Behind Walls

By GABRIELLE LEE

The proper term is “government facility,” but it feels like an old university most of the time. Asbestos in the ceilings, paint fresh from 1979. Fluorescent lighting, emergency signage, old handset telephones on the wall in every floor. My role here, in a place where the best of the best tackle noble, courageous goals—the taking of soil samples from Mars and the landing of spacecrafts on comets—is comparatively small. The comforting routine of support, set-up, clean-up; prepare, take care.


At 4:30 in the afternoon, I’m scanning a few papers at the multi-functional device (apparently they aren’t called “copiers” anymore) by the window, and I pause to watch the sun die between the mountains. It glows in a way that government facilities shouldn’t glow, swallowing the signs of smog so beautifully that for a moment I forget about climate change, and I forget about space, and I let the warmth thaw my air-conditioned-in-the-middle-of-December hands through the glass. There are deer, somewhere around here, outside and a few floors below, nestling into their grassy beds for the night. Dozens, maybe hundreds of them, and their biggest (but rare) threat is mountain lions. But everything else out on the road there is still, and the only sound I hear here is the steady whir of the multi-functional device and the occasional cheap-motel electrical flicker of the fluorescent lights above me. This government facility gives me more time off than my husband’s private company; they feed me, they let me earn healthcare and retirement and send me an ornament during Christmas; I am taken care of, tucked neatly away in my cubicle in my office in a building in the foothills in California. Looking out the window, as the sun has died down so much now that the mountains have captured that orange glow for themselves, I can ignore the North Korean threats and ISIS and the school shootings and the series of Malaysian plane crashes and bask in the lie that my American dream—my quiet, relatively unimportant, beautifully routine existence—is the only thing in the universe that matters.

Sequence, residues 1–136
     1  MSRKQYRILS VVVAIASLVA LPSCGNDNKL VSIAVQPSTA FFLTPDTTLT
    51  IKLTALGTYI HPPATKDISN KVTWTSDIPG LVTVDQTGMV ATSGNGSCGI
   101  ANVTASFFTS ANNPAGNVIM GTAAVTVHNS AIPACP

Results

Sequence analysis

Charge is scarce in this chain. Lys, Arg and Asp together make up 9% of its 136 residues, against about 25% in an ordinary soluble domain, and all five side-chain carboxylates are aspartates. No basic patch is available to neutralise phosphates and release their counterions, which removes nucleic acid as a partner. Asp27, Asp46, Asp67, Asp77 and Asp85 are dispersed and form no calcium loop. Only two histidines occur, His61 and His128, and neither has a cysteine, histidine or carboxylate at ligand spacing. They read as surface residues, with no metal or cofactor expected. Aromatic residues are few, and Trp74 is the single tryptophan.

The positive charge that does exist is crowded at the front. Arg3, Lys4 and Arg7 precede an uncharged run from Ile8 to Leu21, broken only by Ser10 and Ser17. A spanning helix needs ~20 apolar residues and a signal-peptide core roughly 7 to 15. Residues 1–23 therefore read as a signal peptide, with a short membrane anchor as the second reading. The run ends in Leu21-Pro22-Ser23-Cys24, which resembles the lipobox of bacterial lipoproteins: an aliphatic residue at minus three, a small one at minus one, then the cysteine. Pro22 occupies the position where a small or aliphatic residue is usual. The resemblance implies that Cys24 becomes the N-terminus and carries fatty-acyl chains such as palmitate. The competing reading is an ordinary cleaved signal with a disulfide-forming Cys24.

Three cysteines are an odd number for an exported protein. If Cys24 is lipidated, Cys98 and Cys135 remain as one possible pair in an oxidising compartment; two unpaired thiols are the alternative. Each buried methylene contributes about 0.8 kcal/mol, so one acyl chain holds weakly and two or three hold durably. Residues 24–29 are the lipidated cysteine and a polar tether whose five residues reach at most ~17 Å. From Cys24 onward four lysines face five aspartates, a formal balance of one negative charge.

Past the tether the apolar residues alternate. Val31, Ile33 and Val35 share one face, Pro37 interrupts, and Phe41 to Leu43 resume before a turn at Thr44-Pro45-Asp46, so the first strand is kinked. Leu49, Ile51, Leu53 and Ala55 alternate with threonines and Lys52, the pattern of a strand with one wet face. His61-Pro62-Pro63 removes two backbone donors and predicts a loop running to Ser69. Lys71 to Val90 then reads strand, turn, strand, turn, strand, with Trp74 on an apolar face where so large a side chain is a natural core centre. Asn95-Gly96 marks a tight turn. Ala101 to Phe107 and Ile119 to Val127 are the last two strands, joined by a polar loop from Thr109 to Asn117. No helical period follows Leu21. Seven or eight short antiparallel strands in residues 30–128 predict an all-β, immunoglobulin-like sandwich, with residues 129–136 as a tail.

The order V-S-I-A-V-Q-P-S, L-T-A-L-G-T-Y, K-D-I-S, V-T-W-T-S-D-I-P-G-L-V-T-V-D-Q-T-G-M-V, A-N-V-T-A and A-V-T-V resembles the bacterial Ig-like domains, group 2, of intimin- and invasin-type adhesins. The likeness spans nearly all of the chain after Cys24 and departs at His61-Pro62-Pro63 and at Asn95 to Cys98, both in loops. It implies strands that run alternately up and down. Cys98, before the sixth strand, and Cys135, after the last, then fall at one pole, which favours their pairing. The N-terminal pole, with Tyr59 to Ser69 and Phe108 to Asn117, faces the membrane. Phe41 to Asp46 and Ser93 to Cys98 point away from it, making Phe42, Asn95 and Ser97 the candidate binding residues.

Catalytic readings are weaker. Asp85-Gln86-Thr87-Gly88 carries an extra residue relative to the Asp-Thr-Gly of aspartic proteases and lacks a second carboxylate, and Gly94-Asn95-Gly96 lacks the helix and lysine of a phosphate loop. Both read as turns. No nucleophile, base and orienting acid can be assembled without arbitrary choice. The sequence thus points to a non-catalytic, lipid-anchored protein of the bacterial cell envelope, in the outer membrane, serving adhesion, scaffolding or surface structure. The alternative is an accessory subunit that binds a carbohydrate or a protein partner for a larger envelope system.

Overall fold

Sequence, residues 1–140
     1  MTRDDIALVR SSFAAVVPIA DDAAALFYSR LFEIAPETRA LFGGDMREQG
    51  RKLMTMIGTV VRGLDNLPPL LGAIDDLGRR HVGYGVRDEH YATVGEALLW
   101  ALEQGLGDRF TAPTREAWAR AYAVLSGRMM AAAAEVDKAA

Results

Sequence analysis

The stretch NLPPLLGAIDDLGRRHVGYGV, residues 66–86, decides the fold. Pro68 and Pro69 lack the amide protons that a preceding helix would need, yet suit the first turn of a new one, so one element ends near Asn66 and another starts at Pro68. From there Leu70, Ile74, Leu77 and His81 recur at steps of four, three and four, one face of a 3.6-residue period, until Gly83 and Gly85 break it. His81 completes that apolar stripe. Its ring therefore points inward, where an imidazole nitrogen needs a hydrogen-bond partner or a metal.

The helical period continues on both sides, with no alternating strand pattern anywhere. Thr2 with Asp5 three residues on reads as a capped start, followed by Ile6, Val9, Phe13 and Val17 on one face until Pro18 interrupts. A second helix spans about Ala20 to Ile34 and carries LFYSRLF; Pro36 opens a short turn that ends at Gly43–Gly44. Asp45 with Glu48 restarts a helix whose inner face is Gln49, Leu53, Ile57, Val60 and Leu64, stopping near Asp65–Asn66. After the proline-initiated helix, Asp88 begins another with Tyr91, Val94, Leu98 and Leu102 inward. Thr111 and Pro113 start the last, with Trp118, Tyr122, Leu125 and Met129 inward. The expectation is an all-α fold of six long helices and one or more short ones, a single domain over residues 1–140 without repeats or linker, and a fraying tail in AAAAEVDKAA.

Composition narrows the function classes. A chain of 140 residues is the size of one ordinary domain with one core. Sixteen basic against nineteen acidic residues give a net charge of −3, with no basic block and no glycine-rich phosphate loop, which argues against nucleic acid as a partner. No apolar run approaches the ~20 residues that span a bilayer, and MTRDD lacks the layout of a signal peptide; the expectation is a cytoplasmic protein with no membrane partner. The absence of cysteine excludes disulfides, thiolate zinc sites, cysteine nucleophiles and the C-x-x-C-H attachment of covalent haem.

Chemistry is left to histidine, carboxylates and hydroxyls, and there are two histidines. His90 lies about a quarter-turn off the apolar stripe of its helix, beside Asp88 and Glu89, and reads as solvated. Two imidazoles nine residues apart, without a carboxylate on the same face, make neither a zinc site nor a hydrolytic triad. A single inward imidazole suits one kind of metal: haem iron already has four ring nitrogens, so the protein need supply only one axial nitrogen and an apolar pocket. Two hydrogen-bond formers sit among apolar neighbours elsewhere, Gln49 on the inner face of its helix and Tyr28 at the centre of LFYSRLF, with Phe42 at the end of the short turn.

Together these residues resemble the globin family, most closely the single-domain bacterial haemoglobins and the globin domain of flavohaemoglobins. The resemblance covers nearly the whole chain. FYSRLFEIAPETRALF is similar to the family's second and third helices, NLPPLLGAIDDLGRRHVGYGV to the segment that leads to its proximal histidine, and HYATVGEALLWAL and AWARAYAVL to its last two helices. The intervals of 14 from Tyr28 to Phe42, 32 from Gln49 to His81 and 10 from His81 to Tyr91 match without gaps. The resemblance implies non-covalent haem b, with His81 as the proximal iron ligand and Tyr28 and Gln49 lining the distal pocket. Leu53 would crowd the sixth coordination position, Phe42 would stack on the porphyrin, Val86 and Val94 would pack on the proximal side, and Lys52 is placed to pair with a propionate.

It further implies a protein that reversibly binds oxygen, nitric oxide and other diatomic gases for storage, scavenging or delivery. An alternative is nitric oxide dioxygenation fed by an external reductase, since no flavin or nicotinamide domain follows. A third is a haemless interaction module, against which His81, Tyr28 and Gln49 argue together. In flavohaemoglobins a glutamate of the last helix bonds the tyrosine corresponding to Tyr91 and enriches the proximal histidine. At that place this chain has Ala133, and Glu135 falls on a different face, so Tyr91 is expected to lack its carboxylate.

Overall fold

Gabrielle Lee’s work has appeared in SwitchbackCardinal Sins, and other journals, and has been anthologized in Answers I’ll Accept: Personal Essays about Looking for Love Online.
Photo by Flickr Creative Commons user Chuck Coker.

Behind Walls

Related Posts

Kreptitz Cliff

Untitled (Letter to Rügen)

GUNTHER GELTINGER
The fields of flint rock bordered by the moors struck her as being from another hemisphere; on the Zicker Mountains she felt as if she were in Scotland; and the Kreptitz Cliff, with its windblown hawthorn bushes and allure for amber seekers, reminded her of a secluded coast in New Zealand, where she's never been.

A field under clear skies

Open Season

LAURA LAING
The rifle is heavy and hard in my arms, the butt jammed up into my right shoulder, just like Lee showed me. Peering down the nose of the gun, I can see the line of targets—coffee cans, plastic milk jugs, and Coke cans—lined up like birds on a fence.

owl graffiti

Histories

SARAH DUNPHY-LELII
I once dated a bull rider, which is very interesting, I still find. He was at the time no longer a bull rider, he had rather been one in his youth, but this lingered, as you might expect.